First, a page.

Region 6 | 8 | 10 | 5 | 16 | 13 | 5 |
Region 7 | 13 | 10 | 5 | 6 | 13 | 21 |
The cost for locating emergency care on the respective sites:
Cost | |
---|---|
Site 1 | 710 000 |
Site 2 | 610 000 |
Site 3 | 650 000 |
Site 4 | 910 000 |
Site 5 | 720 000 |
Site 6 | 570 000 |
Model this problem mathematically by defining variables, constraints and an objective function. To get started, you can simply begin to define some variables, write some equations and see what you get along the way. Note that in this step you are not solving the problem, just defining it. Hint: think about what I said in the lecture about how to define the variables!
If the objective function and constraints that you found in part a are not all linear, then try to model the function again, this time as a linear programming problem (i.e. objective function and constraints all linear).
Now try to solve your model by using the Mathematica function NMinimize. We know that the values of the variables must be integers but, just to see what happens, try to solve it with continuous variables first. What conclusions can you draw from the solution you obtain?
Then solve the original integer problem, by using the Integers keyword in Mathemtica. (See the section Scope in the documentation on the NMinimize function.) Where should emergency care facilities be built?
Ask yourself if this is the only way to handle this problem? For example, in this problem we assumed that we should have a maximum number of minutes from each region of the city. Is this the only way to think about this? If you can, elaborate on any idea you might have.
Note that while this problem only has a small number of variables and therefore can be solved by brute force combinatorial search, this would be useless for larger problems. For larger problems the more mathematical approach is much more powerful.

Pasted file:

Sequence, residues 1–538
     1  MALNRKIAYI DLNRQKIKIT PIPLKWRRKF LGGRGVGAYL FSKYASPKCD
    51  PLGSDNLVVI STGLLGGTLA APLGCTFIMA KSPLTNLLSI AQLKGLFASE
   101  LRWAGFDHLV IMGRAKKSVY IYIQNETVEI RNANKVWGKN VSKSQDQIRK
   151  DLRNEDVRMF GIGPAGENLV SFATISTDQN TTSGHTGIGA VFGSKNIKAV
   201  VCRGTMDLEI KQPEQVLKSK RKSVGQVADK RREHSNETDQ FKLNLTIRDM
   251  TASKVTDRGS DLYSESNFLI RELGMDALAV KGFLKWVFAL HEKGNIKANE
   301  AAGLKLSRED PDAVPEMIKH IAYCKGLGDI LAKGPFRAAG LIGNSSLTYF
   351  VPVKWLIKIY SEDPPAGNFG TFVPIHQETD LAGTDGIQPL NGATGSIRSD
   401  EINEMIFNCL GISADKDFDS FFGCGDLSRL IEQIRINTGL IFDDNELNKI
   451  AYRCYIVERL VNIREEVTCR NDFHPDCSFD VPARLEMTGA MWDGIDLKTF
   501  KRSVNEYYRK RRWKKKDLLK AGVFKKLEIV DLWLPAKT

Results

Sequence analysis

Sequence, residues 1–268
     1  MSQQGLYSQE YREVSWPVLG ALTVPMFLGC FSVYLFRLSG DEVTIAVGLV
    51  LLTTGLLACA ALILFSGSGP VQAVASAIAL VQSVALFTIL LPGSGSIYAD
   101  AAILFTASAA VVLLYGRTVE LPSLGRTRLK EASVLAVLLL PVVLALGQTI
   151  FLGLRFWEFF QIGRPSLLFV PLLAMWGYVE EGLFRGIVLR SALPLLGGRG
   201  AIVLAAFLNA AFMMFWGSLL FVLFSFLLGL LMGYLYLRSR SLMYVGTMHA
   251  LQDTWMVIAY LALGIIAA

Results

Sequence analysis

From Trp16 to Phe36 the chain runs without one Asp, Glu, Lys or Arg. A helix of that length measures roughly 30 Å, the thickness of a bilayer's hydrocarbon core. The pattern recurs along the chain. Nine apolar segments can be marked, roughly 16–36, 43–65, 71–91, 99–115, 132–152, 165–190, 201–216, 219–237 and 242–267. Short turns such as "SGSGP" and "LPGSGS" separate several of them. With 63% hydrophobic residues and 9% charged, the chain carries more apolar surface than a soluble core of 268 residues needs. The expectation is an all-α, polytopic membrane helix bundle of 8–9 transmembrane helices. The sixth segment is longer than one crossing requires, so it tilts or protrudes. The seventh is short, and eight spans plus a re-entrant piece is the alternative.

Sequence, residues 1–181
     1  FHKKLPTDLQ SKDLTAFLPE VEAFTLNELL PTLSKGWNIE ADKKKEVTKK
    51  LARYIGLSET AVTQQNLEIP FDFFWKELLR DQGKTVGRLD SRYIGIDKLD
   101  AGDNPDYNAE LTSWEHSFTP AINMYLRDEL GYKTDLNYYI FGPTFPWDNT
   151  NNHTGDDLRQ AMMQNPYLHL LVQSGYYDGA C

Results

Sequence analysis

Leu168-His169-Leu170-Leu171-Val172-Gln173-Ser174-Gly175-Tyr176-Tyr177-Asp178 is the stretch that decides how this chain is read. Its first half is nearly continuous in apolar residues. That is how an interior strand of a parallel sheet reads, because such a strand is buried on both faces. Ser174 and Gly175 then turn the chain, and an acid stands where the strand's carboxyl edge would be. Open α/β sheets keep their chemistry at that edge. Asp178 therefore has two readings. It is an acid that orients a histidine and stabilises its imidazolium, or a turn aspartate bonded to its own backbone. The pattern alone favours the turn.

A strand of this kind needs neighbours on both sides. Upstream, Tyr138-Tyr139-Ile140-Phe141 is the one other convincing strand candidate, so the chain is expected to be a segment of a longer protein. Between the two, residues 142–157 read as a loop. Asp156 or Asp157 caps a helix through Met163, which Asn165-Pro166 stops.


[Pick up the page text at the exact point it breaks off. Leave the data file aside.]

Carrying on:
(COMMUNICATIONS NETWORK PROBLEM) A small telecom operator wishes to connect the two hubs A and F in a part of their network. The network they can use for this purpose consists of links between the locations A-F with the following capacities in Mbit/s.
AB |
16 |
AC |
48 |
BD |
32 |
BE |
8 |
CD |
8 |
CE |
32 |
DF |
64 |
EF |
16 |
The operator now wishes to determine
How would the capacity be reduced if link BD breaks? Use Mathematica to find the solution.
If the currently needed capacity is about 35 Mbit/s, is it possible to eliminate some links entirely? Use Mathematica to find a solution.
(SHORTEST PATH AS LP PROBLEM) (This problem is optional, but please try to understand the problem even if you decide not to attempt to solve it.) Describe how the shortest path problem can be modelled as a linear programming problem.
Hint: Model the problem as a flow from A to B. For each link you can have a cost per unit of flow, and you can also set bounds on the flow. In what sense can the shortest path problem be said to be a linear programming problem and vice versa? What if you are interested in the shortest paths from node A to all other nodes? This problem is a bit more abstract than the others.
(BRIDGE PROBLEM) Consider the road network below. The figure illustrates the roads
between two larger cities along a river. Roads B and C are large roads
and have a fixed travel time of about 30 minutes independently of the
traffic load. The
roads A and D are mountain roads and the travel time is estimated to
about
10+x minutes where x is the traffic intensity in cars per minute (in
one
direction). During rush hours the total traffic between the cities in
either
direction s is about 20 cars per minute.
Do not submit an incomplete module! We are available to help you, and you can receive a short extension if you contact us.